VHI Healthcare says growing problem of obesity hitting health finances hard
Physical inactivity is estimated to cost Ireland €1.6 billion per year and this will grow further unless the problem is dealt with, Dr. Muireann Cullen, Manager of the Nutrition and Health Foundation (NHF) told delegates at the organisations third annual conference entitled ‘Obesity: A Life Cycle Perspective’.
“The comprehensive Slán survey of lifestyle, attitudes and nutrition showed 38% of Ireland’s population is overweight and 23% is classed as obese”, said Dr Cullen. “A major factor contributing to this is the fact that 59% of adults do not meet the Department of Health’s recommended levels of physical activity, according to the same survey.
“Ireland has one of the highest rates of childhood obesity in the world with 10% of children aged 5-12 in this category. At the same time a staggering three out of four nine year old children do not get the recommended level of physical activity, according to the 2009 Growing up in Ireland report. “
Delivering the opening address at the conference, Minister for Older People and Health Promotion, Áine Brady, T.D., commented; “Responsibility for achieving and maintaining good health is multi-layered; involving the individual, the health sector, education, the food industry and the broader society. It is therefore important that a holistic approach be taken to its protection. Giving people information is the first step in assisting them take control of their own lifestyle and weight, thereby avoiding obesity and the chronic diseases associated with it.”
According to Dr Cullen: “The scale of physical inactivity coupled with current obesity levels make this a national health issue of real significance. For many people there is a clear imbalance between the energy they take in as food, and they energy they expend through exercise. A balance between the two best describes the correct approach to good health.
“Industry, Government and citizens all have a part to play in tackling this ticking time bomb. It’s important to acknowledge there are sometimes differences of approach, disagreements, even tensions between these three groups. However, all now recognise that imaginative, transformative thinking is required to tackle this national health issue. Through a co-operative framework, the NHF aims to bring these groups together to raise awareness of the need for a balanced lifestyle and how we can all play our part in achieving a healthier society”, concluded Dr. Cullen.
Dr. Bernadette Carr, Medical Director of VHI Healthcare, presented an analysis of the cost of obesity across the lifespan from a health insurers’ perspective. According to Dr. Carr, the impact of obesity is being felt from the very earliest life stage with an increase in the rate of maternal obesity and the resulting health effects this has on both mother and child.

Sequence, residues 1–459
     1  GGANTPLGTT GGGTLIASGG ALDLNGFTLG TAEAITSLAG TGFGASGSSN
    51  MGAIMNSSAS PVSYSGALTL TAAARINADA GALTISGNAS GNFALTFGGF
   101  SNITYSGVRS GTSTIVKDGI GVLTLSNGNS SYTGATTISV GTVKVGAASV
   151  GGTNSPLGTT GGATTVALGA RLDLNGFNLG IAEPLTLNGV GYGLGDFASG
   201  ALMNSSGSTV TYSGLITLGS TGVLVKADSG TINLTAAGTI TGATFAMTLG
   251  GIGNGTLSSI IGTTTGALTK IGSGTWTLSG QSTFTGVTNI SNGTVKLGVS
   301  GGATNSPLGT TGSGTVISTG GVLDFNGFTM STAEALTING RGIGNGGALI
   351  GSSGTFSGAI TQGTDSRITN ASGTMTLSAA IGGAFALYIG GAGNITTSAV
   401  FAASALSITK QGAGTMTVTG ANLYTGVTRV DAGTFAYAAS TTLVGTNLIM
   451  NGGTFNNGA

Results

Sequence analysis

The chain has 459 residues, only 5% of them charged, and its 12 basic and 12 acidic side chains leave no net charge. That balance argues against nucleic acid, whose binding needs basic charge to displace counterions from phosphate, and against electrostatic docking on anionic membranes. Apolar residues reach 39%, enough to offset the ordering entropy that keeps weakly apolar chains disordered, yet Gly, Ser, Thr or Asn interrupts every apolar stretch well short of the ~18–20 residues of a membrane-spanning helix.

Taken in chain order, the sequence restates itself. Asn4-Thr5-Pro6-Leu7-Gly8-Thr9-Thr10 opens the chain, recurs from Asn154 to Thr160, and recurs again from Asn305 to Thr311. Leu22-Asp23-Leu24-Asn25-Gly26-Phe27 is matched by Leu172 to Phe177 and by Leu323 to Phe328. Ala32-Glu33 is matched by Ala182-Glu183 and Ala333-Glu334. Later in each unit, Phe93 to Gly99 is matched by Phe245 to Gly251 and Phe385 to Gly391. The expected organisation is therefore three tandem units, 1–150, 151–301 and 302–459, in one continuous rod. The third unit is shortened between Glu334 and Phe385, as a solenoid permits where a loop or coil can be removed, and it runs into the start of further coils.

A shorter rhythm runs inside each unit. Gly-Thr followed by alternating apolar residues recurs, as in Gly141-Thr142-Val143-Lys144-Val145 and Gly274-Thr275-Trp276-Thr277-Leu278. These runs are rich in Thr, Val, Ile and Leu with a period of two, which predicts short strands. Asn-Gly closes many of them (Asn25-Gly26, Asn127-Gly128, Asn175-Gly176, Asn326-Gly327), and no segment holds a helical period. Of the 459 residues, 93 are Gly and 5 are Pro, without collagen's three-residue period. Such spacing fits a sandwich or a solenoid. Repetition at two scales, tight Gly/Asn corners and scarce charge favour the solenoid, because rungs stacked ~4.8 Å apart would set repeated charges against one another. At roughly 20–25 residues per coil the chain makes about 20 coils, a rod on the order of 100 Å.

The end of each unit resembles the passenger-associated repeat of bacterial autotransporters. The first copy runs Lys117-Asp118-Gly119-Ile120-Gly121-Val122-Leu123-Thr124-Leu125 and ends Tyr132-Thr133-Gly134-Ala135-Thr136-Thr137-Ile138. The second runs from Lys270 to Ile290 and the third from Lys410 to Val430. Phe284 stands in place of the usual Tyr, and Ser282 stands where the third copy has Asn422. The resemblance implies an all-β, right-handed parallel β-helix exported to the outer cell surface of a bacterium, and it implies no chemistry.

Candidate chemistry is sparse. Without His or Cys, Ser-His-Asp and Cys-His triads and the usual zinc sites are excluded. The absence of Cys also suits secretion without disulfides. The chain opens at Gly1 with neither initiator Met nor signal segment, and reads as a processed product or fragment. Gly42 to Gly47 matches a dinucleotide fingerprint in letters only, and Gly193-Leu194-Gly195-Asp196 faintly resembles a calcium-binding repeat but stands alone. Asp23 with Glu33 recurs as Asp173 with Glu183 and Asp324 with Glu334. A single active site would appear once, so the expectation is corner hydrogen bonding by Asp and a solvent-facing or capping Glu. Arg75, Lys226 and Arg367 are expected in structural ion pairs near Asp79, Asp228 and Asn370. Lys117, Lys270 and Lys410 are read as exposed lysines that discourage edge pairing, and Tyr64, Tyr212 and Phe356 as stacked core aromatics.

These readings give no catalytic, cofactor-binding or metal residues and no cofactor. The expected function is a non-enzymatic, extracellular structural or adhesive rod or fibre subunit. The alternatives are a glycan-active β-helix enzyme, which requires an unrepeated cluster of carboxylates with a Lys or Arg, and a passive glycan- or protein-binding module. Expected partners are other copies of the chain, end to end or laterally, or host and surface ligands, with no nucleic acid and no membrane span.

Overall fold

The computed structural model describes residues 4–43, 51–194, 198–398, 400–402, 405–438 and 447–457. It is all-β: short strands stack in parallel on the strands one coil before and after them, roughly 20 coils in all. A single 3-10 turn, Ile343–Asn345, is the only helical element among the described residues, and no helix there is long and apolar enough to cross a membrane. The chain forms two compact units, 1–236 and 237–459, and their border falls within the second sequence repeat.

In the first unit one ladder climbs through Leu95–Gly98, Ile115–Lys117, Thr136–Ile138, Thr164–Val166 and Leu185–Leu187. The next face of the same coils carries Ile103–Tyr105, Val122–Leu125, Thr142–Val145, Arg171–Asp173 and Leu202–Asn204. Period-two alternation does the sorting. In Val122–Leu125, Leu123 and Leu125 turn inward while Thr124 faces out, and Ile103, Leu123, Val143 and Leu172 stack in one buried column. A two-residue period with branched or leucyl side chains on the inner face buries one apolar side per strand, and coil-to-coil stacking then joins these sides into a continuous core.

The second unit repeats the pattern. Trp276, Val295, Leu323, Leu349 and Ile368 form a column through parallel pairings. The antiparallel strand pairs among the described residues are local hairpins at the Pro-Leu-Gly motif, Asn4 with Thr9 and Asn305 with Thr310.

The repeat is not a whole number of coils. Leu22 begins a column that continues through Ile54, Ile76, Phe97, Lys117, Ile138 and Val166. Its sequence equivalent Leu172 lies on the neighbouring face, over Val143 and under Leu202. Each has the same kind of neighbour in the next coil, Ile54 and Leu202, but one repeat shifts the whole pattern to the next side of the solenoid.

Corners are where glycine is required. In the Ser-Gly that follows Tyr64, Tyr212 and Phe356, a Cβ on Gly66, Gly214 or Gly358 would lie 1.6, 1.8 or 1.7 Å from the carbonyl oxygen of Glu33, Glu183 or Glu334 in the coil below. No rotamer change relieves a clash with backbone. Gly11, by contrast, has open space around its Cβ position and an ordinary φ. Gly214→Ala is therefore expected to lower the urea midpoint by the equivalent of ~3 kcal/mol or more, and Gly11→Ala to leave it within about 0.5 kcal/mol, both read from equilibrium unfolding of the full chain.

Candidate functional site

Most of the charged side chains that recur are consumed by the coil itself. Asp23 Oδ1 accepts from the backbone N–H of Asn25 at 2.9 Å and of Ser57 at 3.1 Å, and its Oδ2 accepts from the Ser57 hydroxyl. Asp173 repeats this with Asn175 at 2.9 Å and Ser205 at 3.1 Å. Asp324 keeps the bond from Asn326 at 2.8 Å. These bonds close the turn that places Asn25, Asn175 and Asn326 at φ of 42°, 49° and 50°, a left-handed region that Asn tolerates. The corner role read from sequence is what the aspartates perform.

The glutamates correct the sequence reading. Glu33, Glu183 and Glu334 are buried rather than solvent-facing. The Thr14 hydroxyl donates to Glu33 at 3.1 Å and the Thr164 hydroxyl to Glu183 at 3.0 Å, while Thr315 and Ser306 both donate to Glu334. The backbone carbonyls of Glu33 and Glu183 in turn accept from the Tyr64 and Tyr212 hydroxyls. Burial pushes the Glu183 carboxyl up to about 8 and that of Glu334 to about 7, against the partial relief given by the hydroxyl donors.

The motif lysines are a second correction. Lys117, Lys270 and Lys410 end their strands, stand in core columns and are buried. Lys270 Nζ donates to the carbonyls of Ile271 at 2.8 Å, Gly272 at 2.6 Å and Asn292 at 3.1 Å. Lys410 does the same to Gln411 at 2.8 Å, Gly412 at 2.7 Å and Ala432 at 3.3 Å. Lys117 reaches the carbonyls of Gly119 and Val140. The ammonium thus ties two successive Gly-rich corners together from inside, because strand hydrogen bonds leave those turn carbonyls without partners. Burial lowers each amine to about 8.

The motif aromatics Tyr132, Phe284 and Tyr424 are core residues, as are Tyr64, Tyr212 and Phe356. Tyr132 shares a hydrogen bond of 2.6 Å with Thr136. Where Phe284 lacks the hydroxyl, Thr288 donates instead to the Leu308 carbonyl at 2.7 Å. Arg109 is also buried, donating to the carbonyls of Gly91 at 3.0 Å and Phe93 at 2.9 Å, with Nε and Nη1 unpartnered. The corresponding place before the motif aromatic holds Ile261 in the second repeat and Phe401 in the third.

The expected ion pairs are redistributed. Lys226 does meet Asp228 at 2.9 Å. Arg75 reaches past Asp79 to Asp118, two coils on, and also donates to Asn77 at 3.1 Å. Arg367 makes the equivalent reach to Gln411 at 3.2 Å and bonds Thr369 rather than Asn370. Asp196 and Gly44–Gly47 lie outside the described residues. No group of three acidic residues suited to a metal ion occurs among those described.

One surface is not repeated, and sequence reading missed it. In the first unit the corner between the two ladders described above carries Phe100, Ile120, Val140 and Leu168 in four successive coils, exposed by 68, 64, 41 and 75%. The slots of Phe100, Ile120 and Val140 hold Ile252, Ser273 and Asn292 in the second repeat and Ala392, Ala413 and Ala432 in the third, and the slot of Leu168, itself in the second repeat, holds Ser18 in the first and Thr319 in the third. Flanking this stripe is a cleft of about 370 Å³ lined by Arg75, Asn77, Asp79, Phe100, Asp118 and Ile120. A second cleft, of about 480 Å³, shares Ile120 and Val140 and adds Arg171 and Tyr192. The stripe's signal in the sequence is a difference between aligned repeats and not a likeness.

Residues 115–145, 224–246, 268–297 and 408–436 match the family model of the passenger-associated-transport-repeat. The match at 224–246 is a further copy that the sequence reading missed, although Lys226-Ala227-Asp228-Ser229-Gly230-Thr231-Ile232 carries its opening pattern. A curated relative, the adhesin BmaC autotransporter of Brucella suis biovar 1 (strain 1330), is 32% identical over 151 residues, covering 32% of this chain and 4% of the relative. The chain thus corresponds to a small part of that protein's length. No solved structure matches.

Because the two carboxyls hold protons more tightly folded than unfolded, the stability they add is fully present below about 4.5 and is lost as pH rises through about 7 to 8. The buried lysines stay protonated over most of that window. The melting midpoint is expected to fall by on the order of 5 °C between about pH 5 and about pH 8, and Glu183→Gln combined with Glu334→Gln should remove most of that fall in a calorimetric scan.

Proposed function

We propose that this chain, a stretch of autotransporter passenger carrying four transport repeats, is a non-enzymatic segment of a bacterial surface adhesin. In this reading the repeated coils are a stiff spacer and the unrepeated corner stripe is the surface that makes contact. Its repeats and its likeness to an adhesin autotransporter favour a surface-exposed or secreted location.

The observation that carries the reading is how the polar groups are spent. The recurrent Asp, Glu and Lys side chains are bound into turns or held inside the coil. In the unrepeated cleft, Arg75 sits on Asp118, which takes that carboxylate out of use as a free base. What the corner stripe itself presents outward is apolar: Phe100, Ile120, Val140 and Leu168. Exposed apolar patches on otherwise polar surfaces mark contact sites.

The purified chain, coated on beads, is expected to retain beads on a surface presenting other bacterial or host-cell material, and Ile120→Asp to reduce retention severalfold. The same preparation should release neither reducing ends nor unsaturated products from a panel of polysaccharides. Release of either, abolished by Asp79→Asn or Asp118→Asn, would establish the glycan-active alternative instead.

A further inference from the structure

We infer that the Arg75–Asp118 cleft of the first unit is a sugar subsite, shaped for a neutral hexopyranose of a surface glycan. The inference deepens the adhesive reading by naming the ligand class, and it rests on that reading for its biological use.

“A recent study in the Coombe and Infants University Hospital found that 28% of women booking for ante-natal care were overweight and 13% were obese. Over 45% of the morbidly obese women had a Caesarean section. Since 2000, the number of claims to Vhi for Caesarean section has increased by almost 10% and the benefit paid has almost trebled from €6.5m to €17.8m. In addition, babies at the highest end of the spectrum in terms of birth weight or who grow rapidly in infancy are at significant risk of developing obesity. Obese babies are nine times more likely to become obese adults than normal weight babies”, stated Dr. Carr.
Dr. Carr also said that obesity is an independent risk factor in the development of osteoarthritis, particularly of the knee. Patients presenting for joint replacement are getting younger, heavier and with a longer life-expectancy.
Highlighting the link between being overweight and developing heart disease and the financial impact of this, Dr. Carr stated that since 2000 the number of angiograms has increased by 94% with the associated Vhi Healthcare payout in this area trebling to €23.9 million.
Other speakers at the conference included: key note address from Professor Andrew Hill, Leeds University and a former Chairman of the Association for the Study of Obesity (UK) on the relationship between body dissatisfaction, eating patterns and obesity; Dr. Mary McCarthy, UCC, on ‘Food choice and health across the life course’ and Dr. Catherine Woods, DCU, on ‘Promotion of physical activity and adherence to active lifestyles across the lifespan’.